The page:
More Less

SOURCE CITATIONS
SOURCE
DATE
PAGE
Box Office
5 Sep 1977.
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Box Office
28 Nov 1977.
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Box Office
5 Jun 1978.
---
Daily Variety
6 Jun 1977.
---
Daily Variety
19 Sep 1977.
---
Daily Variety
12 Dec 1977.
---
Daily Variety
5 Jun 1978
p. 6, 8.
Hollywood Reporter
2 Aug 1977.
---
Hollywood Reporter
7 Sep 1977.
---
Hollywood Reporter
15 Sep 1977.
---
Hollywood Reporter
29 Sep 1977.
---
Hollywood Reporter
7 Oct 1977.
---
Hollywood Reporter
21 Oct 1977.
---
Hollywood Reporter
11 Nov 1977.
---
Hollywood Reporter
8 Dec 1977.
---
Hollywood Reporter
21 Feb 1978.
---
Hollywood Reporter
29 Mar 1978.
---
Hollywood Reporter
4 May 1978.
---
Hollywood Reporter
28 May 1978.
---
Hollywood Reporter
6 Jun 1978.
---
Hollywood Reporter
21 Jun 1978.
---
Hollywood Reporter
21 Jul 1978.
---
Hollywood Reporter
31 Jul 1978.
---
Hollywood Reporter
21 Aug 1978.
---
Hollywood Reporter
11 Jan 1979.
---
Hollywood Reporter
5 Feb 1980.
---
Hollywood Reporter
25 Feb 1980.
---
Hollywood Reporter
19 May 1980.
---
LAHExam
26 Oct 1977.
---
LAHExam
22 Nov 1977.
---
LAHExam
4 Aug 1978.
---
LAHExam
28 Jul 1980.
---
Los Angeles Times
15 May 1978
Section IV, p. 10.
Los Angeles Times
4 Aug 1978.
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Variety
26 Aug 1977.
---
Variety
22 Feb 1978.
---
Variety
7 Jun 1978.
---
Variety
8 Nov 1978.
---
Variety
27 Dec 1978.
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CAST
PRODUCTION CREDITS
NAME
PARENT COMPANY
PRODUCTION COMPANY
PRODUCTION TEXT
An April Fools film
DISTRIBUTION COMPANY
NAME
CREDITED AS
CREDIT
DIRECTORS
Prod mgr
Asst dir
Asst dir
2d asst dir
PRODUCERS
Assoc prod
Assoc prod
Exec prod
PHOTOGRAPHY
Dir of photog
Cam op
Key grip
Best boy
Dolly grip
Gaffer
Best boy
Stills
1st asst cam
ART DIRECTOR
Art dir
FILM EDITORS
Asst ed
SET DECORATORS
Set dec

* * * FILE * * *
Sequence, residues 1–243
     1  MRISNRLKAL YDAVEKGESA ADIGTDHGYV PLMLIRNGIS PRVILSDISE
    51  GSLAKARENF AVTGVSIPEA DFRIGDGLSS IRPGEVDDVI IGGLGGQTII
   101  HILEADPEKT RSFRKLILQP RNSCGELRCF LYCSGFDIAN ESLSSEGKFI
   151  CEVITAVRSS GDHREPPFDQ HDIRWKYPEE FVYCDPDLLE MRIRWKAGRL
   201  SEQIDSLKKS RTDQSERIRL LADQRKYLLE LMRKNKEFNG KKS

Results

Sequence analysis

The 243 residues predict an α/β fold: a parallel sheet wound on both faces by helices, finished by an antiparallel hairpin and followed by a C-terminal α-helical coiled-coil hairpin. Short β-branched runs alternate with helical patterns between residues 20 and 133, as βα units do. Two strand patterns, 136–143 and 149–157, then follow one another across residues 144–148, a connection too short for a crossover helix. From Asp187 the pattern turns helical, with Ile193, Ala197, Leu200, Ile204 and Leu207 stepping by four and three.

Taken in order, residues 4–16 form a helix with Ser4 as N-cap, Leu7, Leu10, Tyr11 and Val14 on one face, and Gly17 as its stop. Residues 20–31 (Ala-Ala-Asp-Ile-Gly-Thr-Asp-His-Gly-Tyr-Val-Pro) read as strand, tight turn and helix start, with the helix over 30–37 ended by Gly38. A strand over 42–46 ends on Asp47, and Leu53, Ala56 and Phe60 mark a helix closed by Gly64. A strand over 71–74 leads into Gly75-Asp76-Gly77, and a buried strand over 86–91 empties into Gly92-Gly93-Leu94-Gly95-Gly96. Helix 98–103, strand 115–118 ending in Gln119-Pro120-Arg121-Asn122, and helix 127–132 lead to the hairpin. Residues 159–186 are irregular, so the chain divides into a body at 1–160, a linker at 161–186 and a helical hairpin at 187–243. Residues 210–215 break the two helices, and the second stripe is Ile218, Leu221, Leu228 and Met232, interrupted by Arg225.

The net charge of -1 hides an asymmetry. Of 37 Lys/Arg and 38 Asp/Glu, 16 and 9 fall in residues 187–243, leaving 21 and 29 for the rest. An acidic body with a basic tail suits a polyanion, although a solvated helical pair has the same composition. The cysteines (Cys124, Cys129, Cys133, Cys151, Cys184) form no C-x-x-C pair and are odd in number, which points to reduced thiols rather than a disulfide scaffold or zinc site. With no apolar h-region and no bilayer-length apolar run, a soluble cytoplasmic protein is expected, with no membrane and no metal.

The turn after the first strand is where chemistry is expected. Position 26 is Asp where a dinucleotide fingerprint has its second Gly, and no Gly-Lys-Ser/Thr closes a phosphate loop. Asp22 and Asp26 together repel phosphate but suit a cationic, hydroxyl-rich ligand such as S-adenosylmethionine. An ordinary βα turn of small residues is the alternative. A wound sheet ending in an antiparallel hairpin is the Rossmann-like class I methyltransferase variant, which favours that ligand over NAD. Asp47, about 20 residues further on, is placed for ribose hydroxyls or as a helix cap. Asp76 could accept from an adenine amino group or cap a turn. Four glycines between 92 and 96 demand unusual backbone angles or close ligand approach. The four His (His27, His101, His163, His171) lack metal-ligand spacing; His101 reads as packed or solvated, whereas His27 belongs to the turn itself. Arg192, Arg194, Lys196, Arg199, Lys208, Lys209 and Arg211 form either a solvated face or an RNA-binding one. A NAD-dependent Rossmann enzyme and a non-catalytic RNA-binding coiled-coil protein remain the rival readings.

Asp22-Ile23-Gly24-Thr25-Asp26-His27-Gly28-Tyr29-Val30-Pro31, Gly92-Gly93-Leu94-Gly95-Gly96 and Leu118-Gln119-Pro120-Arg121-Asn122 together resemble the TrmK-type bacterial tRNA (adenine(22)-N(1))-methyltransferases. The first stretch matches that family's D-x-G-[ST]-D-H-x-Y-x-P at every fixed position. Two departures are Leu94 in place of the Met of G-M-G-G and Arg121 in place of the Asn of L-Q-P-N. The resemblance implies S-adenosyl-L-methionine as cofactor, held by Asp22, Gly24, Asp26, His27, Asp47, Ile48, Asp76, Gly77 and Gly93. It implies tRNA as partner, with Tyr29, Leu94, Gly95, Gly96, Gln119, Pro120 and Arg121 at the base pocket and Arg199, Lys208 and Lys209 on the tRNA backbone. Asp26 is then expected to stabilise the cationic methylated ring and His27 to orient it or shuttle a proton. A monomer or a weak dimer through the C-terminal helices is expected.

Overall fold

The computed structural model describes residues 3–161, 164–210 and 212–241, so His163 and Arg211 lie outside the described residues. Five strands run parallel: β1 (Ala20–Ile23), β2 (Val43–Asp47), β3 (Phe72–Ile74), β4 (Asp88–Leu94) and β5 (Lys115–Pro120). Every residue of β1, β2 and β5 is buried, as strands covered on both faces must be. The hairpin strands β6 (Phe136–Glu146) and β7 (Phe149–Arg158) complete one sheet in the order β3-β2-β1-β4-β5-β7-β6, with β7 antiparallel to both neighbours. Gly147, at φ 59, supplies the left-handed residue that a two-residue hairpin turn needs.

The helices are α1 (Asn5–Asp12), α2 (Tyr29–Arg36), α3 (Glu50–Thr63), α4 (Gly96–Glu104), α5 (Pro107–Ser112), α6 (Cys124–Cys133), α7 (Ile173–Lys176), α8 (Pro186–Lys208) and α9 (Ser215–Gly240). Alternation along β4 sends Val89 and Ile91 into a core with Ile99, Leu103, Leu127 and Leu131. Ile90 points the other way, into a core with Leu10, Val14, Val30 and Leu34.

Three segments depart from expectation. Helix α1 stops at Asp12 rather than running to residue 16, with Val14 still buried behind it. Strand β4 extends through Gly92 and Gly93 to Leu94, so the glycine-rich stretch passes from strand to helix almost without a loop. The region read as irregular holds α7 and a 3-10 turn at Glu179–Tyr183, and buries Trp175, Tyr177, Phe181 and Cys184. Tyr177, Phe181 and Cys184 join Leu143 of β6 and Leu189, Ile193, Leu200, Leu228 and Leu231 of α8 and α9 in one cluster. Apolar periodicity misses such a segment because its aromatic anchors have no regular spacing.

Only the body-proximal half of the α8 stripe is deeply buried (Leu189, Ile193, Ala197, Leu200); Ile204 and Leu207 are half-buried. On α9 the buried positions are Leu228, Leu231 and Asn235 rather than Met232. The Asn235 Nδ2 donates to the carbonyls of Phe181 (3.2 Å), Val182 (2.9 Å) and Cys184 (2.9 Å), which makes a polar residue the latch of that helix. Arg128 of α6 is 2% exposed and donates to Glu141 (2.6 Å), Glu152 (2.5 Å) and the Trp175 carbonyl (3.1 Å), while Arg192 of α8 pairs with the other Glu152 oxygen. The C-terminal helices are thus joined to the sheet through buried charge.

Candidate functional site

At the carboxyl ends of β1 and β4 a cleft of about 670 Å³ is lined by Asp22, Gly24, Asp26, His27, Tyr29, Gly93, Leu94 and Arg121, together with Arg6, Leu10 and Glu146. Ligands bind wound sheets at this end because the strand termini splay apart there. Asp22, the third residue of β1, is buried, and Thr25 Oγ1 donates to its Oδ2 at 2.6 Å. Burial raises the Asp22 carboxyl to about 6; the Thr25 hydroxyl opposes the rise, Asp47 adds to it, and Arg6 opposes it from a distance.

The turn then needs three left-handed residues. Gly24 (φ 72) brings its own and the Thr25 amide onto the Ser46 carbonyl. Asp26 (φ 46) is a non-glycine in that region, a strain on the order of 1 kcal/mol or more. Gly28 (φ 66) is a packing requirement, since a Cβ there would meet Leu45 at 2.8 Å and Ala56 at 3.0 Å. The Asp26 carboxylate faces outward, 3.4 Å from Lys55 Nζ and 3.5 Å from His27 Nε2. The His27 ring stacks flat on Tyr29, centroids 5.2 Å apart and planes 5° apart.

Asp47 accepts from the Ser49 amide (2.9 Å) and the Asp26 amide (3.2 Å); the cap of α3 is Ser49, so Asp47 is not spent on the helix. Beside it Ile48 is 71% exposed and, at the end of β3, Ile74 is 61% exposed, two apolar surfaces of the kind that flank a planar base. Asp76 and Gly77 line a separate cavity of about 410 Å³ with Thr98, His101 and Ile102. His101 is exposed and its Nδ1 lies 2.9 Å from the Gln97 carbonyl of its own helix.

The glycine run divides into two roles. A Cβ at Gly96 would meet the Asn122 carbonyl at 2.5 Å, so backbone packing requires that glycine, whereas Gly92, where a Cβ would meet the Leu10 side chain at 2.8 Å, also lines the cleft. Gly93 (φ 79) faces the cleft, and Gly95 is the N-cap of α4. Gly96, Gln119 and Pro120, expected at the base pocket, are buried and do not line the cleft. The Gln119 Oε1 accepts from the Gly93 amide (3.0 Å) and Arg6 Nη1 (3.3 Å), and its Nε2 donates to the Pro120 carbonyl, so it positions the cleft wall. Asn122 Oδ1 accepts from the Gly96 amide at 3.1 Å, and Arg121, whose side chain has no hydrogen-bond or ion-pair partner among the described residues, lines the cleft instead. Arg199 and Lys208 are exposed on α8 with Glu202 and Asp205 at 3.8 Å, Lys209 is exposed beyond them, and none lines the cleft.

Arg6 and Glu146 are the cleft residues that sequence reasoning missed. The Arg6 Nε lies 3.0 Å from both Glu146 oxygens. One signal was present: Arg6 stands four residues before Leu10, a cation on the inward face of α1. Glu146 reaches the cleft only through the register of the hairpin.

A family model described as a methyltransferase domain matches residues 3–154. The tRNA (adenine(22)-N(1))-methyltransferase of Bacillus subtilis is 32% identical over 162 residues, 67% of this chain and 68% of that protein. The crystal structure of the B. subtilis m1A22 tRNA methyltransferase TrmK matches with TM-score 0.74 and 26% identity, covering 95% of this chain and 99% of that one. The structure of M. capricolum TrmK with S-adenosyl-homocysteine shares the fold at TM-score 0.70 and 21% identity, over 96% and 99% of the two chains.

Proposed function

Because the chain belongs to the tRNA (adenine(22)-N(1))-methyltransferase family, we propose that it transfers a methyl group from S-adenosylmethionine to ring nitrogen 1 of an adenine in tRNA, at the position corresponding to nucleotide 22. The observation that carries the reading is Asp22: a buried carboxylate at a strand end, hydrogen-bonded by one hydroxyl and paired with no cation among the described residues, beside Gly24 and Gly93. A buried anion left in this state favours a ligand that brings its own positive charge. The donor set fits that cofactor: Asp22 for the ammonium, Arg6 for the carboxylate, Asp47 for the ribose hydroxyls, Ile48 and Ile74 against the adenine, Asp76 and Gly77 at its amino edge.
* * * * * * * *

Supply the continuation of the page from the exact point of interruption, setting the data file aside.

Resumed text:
Prop master
Props
COSTUMES
Cost des
Special fashions from
Ward supv
MUSIC
Mus comp and cond
Mus supv
Mus ed
SOUND
Sd mixer
Sd mixer
Sd eff ed
Sd eff ed
Sd boom
VISUAL EFFECTS
Titles and opt
Title des
Graphics
MAKEUP
Makeup
Hairstyles
Makeup asst
Makeup
PRODUCTION MISC
Manure courtesy of
Scr supv
Scr supv
Asst to prod
Loc auditor
Prod coord
Transportation capt
Asst to Mr. Rasmussen
Public relations
Loc mgr
STAND INS
Stunt coord
Stunt coord
Stunt coord
COLOR PERSONNEL
Color by
SOURCES
SONGS
"Harper Valley P.T.A.," words and music by Tom T. Hall, sung by Jeannie C. Riley
"Shady Sadie," words and music by Gary Carver, Luana Anders and George Edwards.
DETAILS
Alternate Title:
Harper Valley PTA
Release Date:
23 May 1978
Premiere Information:
Midwest opening: 23 May 1978
Los Angeles opening: 2 August 1978
New York City opening: 12 January 1979
Production Date:
1 October--early December 1977 in Lebanon, OH and Los Angeles, CA
Physical Properties:
Sound
Color
Lenses/Prints
Camera and lenses by Panavision ®
Duration(in mins):
102
MPAA Rating:
PG
Country:
United States
Language:
English
Passed by NBR:
No
SYNOPSIS

Junior high student Dee Johnson comes home from school with a note from the Harper Valley Parent Teacher Association (PTA) to her free-spirited, widowed mother, Stella, expressing disapproval of Stella’s wardrobe and lifestyle. The PTA warns Stella to change her ways or else they will recommend that Dee be expelled from school. Furious, Stella interrupts that afternoon’s PTA meeting and demands to address the board. PTA president Flora Simpson Reilly tries to prevent her from speaking but board member Willis “Will” Newton insists they allow Stella to talk. Stella reveals gossip about several PTA board members: Bobby Taylor constantly propositions her, though he is married to Holly Taylor, who is running up a big bill at the neighborhood liquor store; the secretary of Kirby Baker, the local realtor, left town unexpectedly to see an abortion doctor; teacher Willa Mae Jones leaves her blinds up to put on a show for the town’s peeping toms; Otis Harper, Jr., spends all his time at the local bar; Shirley Thompson is always drinking gin, and board secretary Olive Glover has a gambling problem. Stella pronounces them all hypocrites and leaves. The next day, Dee comes home from school to find the house and yard strewn with toilet paper. Will Newton stops by to help clean and assures Stella that his signature was forged on the letter from the PTA. At dinner that night, someone throws a nasty note attached to a rock through Stella’s window. The next morning, Stella muses to her friend, hairdresser Alice Finley, that while kids were responsible for the toilet paper, an adult is behind the note. Stella ... +